Local, Independant and Effective

Time for Marriage Equality is now - Cathy McGowan

Posted September 14, 2015

 

CATHY McGOWAN (Indi) (13:25):  I am very proud to speak to this legislation today as a co-sponsor of the Marriage Legislation Amendment Bill 2015. I do this because I believe this is the right thing to do. It is the right thing by me, by my community and by my nation. It will make Australia—and my community—a better, more inclusive place.

On Friday, 4 September, the Wangaratta Chronicle featured the local Anglican bishop, John Parkes AM, in both front page and editorial commentary. The headline was 'Bishop breaks ground' and the editorial was headed, 'Bishop's breath of fresh air'.

This regional paper in the seat of Indi was highlighting that Wangaratta's Anglican bishop has become Australia's first senior Anglican cleric to publicly recognise that same-sex marriage has become inevitable. In common with the rest of the country, many people in the seat of Indi are expressing an urgent sense of the need to reconsider the Marriage Act 1961 along the lines of this legislation. Around two-thirds of the Anglican diocese of Wangaratta lies within the seat of Indi. The bishop has invited his clergy and people to enter into a respectful discussion of marriage equality with each other and with the wider community.

Bishop Parkes' own position is that he hopes for a clear theology of Christian marriage and the blessings of relationships. He said he did not think that such a thing would be 'a betrayal of the Gospel or the end of the world.' The bishop has backed up his views with a substantial six-page document available on the diocese of Wangaratta website.

I raise this matter in the chamber today as a significant example of leadership—leadership that is coming from my electorate of Indi—on this most important community and social issue. I thank the bishop and his colleagues for their well-founded theological contribution to this debate. I commend the fresh thinking indicated in the bishop's contribution to this national discussion.

I believe a distinction can rightly be made between civil and religious marriage. In Australia, however, civil and religious celebrants both act on behalf of the state in precisely the same way: as agents to ensure that appropriate requirements are met and appropriate commitments are made. A religious ceremony does all of these things in the presence of God, asking and receiving God's blessing on the commitment made and the intentions offered. It is up to the various churches and religious traditions to decide for themselves whether and how they may care to respond to these developing understandings and acknowledgement of marriage equality within their own institutions and for their own people. This is a matter for them. No-one is going to force them to do anything.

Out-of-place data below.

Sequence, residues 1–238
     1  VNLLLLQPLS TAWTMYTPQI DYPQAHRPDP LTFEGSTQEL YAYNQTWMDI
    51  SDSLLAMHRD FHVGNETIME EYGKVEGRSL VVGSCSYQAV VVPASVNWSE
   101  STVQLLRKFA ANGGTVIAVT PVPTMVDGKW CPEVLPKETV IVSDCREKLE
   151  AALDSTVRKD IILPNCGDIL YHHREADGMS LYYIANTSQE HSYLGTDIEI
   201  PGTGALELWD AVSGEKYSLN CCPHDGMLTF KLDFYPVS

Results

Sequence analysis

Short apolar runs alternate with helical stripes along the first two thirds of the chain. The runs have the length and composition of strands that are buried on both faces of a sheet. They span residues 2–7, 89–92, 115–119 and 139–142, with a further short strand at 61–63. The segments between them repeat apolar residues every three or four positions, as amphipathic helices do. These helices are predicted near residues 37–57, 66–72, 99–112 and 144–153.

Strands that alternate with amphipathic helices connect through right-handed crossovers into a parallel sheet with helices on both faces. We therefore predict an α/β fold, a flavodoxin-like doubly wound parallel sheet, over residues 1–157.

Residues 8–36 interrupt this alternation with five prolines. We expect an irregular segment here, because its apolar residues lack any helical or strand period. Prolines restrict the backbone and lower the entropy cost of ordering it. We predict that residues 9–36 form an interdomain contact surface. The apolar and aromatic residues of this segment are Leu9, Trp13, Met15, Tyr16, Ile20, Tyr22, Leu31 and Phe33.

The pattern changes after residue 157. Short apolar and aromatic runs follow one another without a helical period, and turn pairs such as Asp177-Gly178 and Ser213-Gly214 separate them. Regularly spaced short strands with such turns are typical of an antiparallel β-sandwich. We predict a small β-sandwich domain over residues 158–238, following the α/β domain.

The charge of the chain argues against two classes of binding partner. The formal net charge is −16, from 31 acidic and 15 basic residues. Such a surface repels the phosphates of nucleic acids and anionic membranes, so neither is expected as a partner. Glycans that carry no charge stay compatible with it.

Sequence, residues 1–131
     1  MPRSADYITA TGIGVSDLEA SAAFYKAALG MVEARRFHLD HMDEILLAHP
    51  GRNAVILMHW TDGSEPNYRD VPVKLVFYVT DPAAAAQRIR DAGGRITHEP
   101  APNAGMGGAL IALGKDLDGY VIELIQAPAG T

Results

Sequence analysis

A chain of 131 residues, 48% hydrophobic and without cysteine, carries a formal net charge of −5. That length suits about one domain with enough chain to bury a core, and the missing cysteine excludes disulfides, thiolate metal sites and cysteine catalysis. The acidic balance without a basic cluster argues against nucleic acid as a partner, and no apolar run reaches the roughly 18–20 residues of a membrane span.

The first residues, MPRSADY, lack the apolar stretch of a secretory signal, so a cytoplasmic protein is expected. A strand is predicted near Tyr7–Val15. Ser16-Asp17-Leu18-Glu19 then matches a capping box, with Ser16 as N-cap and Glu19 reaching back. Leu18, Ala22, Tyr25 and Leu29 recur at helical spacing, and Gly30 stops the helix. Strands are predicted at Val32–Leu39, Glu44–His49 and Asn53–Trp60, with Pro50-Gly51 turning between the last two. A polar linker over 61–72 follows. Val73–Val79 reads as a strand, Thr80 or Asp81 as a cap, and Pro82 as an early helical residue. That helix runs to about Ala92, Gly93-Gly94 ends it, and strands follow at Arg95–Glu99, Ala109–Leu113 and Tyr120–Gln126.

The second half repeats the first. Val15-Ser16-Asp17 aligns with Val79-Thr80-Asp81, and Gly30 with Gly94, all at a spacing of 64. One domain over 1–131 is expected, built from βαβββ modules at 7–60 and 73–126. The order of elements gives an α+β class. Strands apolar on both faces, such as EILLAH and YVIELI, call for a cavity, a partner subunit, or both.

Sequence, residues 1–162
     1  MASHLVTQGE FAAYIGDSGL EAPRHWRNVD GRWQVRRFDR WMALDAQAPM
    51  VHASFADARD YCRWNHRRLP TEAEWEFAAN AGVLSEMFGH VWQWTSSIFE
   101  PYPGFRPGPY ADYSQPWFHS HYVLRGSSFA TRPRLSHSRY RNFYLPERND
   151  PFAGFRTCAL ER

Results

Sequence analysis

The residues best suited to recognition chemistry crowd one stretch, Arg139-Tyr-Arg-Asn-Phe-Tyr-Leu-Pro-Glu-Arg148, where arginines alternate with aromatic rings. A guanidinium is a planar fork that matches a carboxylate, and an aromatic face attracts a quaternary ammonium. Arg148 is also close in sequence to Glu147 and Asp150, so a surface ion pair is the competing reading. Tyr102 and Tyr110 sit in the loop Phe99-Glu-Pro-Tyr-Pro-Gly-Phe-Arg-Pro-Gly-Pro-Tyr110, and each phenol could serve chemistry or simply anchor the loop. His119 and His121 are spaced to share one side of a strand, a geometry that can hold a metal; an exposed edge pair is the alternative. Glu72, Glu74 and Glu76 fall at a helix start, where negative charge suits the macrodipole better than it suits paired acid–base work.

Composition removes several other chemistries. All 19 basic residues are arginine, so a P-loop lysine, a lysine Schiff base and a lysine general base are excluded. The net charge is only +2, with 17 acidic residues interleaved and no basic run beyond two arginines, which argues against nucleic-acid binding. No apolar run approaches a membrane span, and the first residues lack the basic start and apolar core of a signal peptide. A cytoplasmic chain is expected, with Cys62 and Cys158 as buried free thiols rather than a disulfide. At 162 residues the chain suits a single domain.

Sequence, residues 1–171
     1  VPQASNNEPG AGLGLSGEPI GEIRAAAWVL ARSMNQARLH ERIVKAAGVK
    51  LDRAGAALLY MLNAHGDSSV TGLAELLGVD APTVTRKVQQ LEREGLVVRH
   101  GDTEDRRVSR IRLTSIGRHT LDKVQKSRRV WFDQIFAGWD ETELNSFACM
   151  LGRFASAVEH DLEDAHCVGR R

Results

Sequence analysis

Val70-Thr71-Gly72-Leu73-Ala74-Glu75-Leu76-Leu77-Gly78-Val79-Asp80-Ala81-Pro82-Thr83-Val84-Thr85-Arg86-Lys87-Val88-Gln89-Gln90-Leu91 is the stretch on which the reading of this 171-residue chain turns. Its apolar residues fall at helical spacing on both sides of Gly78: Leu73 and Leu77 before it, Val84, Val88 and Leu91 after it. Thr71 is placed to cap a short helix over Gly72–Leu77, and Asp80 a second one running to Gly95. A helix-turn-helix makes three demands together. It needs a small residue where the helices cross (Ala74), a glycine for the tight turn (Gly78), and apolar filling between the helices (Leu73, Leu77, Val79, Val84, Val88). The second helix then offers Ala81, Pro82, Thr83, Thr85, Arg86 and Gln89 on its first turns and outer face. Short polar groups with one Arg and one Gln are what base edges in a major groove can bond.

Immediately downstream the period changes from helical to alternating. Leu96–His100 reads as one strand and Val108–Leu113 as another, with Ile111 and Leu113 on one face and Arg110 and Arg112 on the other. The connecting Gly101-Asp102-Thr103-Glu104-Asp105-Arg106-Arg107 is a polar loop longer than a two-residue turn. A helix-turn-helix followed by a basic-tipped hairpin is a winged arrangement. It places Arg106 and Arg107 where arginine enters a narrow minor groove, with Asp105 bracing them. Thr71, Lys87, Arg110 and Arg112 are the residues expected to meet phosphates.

The Parliament of Australia, however, is here to speak for the whole community and to legislate for the whole community, exercising basic principles of justice, equality and fairness, with appropriate safeguards and protections in place for groups who would not care to move in this way themselves.

It needs to be remembered—and I am happy to do so in this place—that there are many Christians profoundly supportive of marriage equality and who would deeply wish to have the religious or sacramental as part of the public commitment that they would wish to be able to make to each other in the presence of God. This, then, is not able to be characterised as a secular versus religious debate. It is much more complex. In any case, the ground is shifting all the time. The task of the parliament today is to legislate for justice, equality and fairness for all without discrimination.

In closing my comments today, I say to my colleague opposite that I believe that commitment is important, I believe that commitment for a lifetime is important and I believe that a lifetime commitment with legal obligations is one of the foundation blocks of our society. It is this that I am asking for for all my constituents, not just some.

This legislation is a call for all in our community. It is a call which says to all in our community, 'You belong, regardless of gender or sexual orientation. You are important. You are welcome. You can make your commitment—you can make a lifetime commitment with legal obligations in front of your family with the blessing of this parliament.' In particular, I say to Fleetwood and Ivy, 'I'm standing here on your behalf and on behalf of all rural Australians who support marriage equality.'


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